Quickly improves English pronunciation!

  Issue 114, page 4

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From Daniel Kelber:

Was I completely misinformed as a child? I remember learning in grade school that this phrase came from how easily these letters, in their lower case form, could be confused on movable type printing presses. 

From Lin Sims:

When I was growing up, this was an admonition to mind my manners, as in "Mind your "pleases" (Ps) and "thank you's" (Qs).  Probably the first place I heard it was in the English public school (equivalent to the USA's private schools, and that's something I'd love to know how it happened!) I briefly attended when my dad was stationed in England.  No cites or references, sorry.  I wish I had them.

No need to panic!  Check Issue 53 where we discussed several of the suggested derivations for mind your p's and q's

From Anthony Stevens:

Malcolm Tent gripes about a migration of subject in the phrase "coal prices are forecasting..." and clearly objects to being bludgeoned by such clumsy reportage. I submit this is nothing more than a standard feature of English language evolution in colloquial use. 

Malcolm has doubtless 'flown into an airport' at some time - yet we all understand he has neither grown wings nor smeared himself across a control tower. Halibut may be 'landing at record values on the quayside' this week - yet we do not expect fish to start making their own transport arrangements, let alone quoting the odds on the latest Madonna album.

As for casted, the suffix -ed makes for clarity of past tense through analogy with hundreds of other established verbs.  I have it ringed in my Collected Shakespeare - if casted was good enough for William, it fits the bill for me...

This kind of usage is clear and understandable English - or should we attempt to be so foresighted as to second-guess the future of language development and lock it in its cell for the night? Vive la France! Under just such custodianship French is one of the few major languages in the world to be under challenge. http://wordsmith.org/board/showflat.pl?Cat=&Board=miscellany&Number=16487&pa
ge=0&view=collapsed&sb=5

No, I can safely forecast: I would rather be bludgeoned than curmudgeoned to death!

It may be evolution in process but right now it's still considered incorrect to use forecasting in the manner that Malcolm Tent discussed last week.  Until that usage becomes widespread and, finally, accepted, Malcolm says, he'll continue to label it incorrect.  He doesn't think "flown into an airport" is at all analogous to the problem discussed with "coal prices" and "forecasting".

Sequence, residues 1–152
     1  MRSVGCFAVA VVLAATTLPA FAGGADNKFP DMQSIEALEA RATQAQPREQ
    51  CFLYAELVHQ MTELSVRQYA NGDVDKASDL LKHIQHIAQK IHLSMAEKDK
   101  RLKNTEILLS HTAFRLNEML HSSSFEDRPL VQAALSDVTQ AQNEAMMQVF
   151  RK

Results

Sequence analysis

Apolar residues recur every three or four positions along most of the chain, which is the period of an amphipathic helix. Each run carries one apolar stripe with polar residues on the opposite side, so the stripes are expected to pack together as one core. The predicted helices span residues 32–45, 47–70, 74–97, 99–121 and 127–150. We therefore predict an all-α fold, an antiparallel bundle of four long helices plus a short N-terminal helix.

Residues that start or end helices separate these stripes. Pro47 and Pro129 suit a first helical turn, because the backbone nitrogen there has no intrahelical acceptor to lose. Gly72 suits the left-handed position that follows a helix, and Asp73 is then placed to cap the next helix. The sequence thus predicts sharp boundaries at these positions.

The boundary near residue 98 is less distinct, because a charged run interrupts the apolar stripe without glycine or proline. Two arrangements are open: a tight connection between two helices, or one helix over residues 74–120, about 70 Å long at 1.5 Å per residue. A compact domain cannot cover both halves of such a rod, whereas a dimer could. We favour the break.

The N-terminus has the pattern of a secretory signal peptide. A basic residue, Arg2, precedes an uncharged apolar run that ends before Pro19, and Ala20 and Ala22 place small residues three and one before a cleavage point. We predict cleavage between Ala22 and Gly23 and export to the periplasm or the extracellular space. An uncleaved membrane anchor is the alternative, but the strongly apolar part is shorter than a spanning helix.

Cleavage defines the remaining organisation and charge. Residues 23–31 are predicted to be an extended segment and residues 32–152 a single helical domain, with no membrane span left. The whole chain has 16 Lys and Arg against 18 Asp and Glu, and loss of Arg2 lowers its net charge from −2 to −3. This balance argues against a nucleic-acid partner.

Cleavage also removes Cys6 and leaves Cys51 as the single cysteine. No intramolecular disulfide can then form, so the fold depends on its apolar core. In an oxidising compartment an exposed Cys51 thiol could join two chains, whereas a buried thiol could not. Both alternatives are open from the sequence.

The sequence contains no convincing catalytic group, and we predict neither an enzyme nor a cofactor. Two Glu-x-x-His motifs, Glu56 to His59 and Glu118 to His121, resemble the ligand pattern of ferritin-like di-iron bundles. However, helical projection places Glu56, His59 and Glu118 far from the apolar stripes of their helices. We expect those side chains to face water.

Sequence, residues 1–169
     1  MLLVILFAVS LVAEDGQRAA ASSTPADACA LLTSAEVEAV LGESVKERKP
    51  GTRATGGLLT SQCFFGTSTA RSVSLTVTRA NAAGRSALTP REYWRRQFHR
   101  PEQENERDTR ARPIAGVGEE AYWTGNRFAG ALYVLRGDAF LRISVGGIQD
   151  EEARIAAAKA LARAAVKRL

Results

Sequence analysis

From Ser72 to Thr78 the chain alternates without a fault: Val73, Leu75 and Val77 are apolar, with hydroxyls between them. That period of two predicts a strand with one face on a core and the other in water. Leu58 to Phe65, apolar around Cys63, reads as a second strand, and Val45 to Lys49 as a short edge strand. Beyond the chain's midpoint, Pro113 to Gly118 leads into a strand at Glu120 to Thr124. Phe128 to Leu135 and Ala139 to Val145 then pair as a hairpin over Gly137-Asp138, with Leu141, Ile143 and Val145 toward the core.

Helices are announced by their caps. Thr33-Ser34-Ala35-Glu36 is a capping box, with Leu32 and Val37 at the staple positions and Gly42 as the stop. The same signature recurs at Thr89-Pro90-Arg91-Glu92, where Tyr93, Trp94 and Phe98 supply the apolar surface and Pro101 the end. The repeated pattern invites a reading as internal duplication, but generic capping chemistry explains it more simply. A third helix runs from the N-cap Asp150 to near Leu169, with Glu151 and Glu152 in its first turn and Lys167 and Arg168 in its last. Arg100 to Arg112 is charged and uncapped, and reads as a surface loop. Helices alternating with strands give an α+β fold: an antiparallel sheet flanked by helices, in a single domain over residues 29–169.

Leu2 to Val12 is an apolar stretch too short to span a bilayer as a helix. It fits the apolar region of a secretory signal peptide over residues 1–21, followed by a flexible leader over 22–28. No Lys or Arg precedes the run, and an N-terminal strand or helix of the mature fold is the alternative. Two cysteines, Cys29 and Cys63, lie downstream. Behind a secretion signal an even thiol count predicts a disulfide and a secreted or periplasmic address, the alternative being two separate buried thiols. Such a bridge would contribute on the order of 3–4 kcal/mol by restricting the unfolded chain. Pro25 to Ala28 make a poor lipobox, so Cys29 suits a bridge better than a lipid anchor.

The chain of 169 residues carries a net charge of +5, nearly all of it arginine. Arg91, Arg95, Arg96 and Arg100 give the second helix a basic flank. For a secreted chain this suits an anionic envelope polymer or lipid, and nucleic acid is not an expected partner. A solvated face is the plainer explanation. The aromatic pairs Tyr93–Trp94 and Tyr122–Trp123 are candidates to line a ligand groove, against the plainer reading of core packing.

As for something being good enough for Shakespeare, does this mean that you use the term bowels to mean "children", as he did?  Even though no one will understand what you really mean, because the standard meaning of bowels today is "the bodily system that excretes solid waste", or, more broadly, "the innards"?  Clarity of meaning is something we consider very important in the usage of language.  A word having a history of meaning X doesn't mean it can be properly used to mean X today when the meaning has shifted to Y (and, so, a word's prior meaning shouldn't influence how we use the word today if it now has a different meaning).  The word bead originally meant "prayer" but came to be associated with the stones of a rosary and, then, to any rounded stones worn as jewelry.  Would you say, to a stranger, "I'm going to say a bead for my dear departed relative" just because bead originally meant "prayer"?  We think that the "if it's good enough for Shakespeare it's good enough for me" logic is flawed.  Clear communication is paramount; sloppy communication impedes clarity.

From Brian Degnan:

Great site, guys, as always, and glad to see you're back better than ever in weekly working order. My question is from your last publication in issue 113 wherein you discussed improper etymologies. One of the phrases was wet your whistle. My question is, isn't the phrase whet your whistle? Such as is with to whet one's appetite, I feel whet your whistle means to stimulate your whistle; *eh-hem* that is, your voice or throat. I don't believe that I've seen it spelled wet, unless we were using chat room spelling. Just my thoughts. What do you opine, fine etymologists?

Wet your whistle definitely came before whet your whistle.  It's quite old...

First whet thy whistle with some good Metheglin.

- Flatman, The Belly God, 1674

...but not as old as:

So was hir ioly whistle wel y-wet.

- Chaucer, The Reeve's Tale, 1386

So, we have wet all the way back in Middle English and whet not heard of until the 17th century.  It's our guess that whet your whistle was simply a misunderstanding of wet..., with influence from whet one's appetite

Whet means literally "sharpen", so that whetting one's appetite means to "stimulate" the appetite, while wet one's whistle means to "slake one's thirst".

Thanks for the good words about the site, Brian!

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